• Natalie Gutgesell
Keywords: Alexandra von Berckholtz, female Baltic artists, portrait, still life, 19th century


The Baltic artist Alexandra von Berckholtz was among the most
important portrait painters of her time. However, her works had
disappeared from art-historical memory because, after her death, they
were sold and spread all over the world. An international research
project started in 2014 was able to rediscover her works and her life
Von Berckholtz was given her first art lessons in 1841 by the court
painter Louis Wagner in Karlsruhe, Germany. From 1847 until 1854
she studied in Paris at the studio of the history painter Joseph-Nicolas
Robert-Fleury, who had considerable influence on her pictorial
style which combined realism and idealism. Another significant
influence was Richard Lauchert, a former student and close friend
of Franz Xaver Winterhalter. Von Berckholtz’s numerous travels,
e.g. to Switzerland, France, and the Czech Republic, were also a
rich source of inspiration. She changed the conventions of nobility
portrait and concentrated on still lifes in her later work, in which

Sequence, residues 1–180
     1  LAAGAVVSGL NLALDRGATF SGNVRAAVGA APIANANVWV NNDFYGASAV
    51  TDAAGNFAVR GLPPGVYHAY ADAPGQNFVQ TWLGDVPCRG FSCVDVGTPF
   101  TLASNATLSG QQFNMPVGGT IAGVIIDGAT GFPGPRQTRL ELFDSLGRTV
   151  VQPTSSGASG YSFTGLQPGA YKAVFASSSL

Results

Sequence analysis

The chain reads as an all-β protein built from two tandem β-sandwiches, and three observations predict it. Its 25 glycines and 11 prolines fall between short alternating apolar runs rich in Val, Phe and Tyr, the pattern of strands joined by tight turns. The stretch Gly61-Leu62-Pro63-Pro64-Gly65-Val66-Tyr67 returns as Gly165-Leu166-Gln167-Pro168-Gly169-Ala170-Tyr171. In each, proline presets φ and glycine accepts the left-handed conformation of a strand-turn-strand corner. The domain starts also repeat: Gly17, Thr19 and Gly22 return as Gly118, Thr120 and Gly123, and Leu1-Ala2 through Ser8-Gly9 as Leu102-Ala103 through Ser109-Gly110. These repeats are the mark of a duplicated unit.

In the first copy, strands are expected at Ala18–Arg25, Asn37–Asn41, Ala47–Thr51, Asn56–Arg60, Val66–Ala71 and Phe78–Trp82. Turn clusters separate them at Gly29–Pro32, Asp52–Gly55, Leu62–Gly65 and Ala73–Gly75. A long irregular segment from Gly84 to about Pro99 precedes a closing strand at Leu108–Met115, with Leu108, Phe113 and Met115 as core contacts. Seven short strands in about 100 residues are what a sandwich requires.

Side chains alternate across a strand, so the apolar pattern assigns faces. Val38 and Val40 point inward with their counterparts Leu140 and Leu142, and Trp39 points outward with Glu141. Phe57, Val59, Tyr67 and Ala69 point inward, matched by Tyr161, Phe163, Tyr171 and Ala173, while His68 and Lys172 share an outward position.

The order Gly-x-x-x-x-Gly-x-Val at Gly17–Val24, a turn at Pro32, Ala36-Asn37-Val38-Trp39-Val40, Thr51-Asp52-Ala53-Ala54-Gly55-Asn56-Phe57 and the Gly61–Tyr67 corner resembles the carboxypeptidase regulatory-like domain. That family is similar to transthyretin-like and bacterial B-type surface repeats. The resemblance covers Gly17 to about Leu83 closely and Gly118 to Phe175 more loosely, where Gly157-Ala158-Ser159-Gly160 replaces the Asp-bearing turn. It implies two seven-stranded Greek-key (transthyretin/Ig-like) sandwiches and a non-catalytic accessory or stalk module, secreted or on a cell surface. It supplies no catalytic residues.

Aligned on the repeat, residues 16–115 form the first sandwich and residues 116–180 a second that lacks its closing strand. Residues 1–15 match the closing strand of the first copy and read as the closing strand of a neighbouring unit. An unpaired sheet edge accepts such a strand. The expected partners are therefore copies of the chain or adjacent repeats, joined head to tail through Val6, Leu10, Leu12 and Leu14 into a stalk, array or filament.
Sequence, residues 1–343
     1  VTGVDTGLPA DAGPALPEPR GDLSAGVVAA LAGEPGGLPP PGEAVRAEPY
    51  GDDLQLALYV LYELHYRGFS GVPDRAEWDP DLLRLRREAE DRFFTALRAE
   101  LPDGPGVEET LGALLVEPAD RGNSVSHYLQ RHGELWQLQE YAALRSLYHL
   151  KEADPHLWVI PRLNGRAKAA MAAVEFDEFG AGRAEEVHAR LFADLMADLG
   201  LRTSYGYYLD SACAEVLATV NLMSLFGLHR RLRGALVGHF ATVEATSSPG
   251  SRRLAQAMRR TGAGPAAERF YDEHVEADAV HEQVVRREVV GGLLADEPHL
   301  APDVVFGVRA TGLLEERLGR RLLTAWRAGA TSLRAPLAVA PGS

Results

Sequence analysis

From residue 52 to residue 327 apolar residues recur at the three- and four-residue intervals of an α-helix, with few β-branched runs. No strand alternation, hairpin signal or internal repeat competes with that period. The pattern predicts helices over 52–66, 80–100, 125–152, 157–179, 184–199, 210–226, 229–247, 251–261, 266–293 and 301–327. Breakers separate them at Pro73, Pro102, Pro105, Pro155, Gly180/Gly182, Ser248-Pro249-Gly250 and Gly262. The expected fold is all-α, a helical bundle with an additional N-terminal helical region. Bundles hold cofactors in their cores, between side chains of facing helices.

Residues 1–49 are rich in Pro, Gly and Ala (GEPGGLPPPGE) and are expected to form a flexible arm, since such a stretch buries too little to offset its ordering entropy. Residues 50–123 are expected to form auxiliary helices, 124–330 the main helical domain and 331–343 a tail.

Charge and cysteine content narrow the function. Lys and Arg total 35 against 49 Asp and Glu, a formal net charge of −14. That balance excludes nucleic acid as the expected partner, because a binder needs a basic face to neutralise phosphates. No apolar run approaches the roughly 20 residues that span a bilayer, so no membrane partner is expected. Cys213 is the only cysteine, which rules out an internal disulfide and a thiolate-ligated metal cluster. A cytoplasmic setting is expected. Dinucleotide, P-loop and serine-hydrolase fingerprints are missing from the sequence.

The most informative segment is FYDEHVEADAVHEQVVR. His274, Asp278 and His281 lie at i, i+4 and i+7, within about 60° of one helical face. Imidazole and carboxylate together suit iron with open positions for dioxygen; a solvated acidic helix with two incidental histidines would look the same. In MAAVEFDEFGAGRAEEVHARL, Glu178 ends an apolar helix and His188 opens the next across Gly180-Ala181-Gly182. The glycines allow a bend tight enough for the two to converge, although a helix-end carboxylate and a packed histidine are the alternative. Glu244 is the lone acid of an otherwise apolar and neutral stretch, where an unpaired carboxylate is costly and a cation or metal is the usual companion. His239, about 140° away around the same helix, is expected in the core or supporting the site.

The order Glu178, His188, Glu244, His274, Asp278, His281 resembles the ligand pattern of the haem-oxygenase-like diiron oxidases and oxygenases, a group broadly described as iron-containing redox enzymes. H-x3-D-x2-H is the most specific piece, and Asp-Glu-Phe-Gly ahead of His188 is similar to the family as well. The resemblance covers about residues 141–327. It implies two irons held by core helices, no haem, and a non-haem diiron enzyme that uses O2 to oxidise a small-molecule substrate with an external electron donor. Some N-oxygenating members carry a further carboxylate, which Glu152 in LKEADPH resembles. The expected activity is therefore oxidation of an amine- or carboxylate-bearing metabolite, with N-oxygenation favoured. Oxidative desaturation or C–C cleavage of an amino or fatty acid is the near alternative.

she reflected the Dutch style of the Baroque period. Alexandra von
Berckholtz associated with important personalities from the fields
of art, music, politics, and technology, and was socially active.


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Author Biography

Natalie Gutgesell

Natalie Gutgesell (b. 1972): from 2005 to 2010 studied art history,
theatre and media arts at the University of Erlangen-Nuremberg
(M. A.); 2014 earned a PhD in art history with a thesis on the role
of German Romantic poet Joseph Victor von Scheffel (1826–1886) as
a visual artist. From 2014 to 2017, she led an international research
project to research Alexandra von Berckholtz’s artistic heritage in a
number of public and private collections. She has curated exhibitions,
for instance, in Karlsruhe and Weimar, lectured at conferences and
universities, for instance, in Munich, Basel, Mainz, and Marburg,
and published monographs and articles on 19th- and 20th-century
art and culture.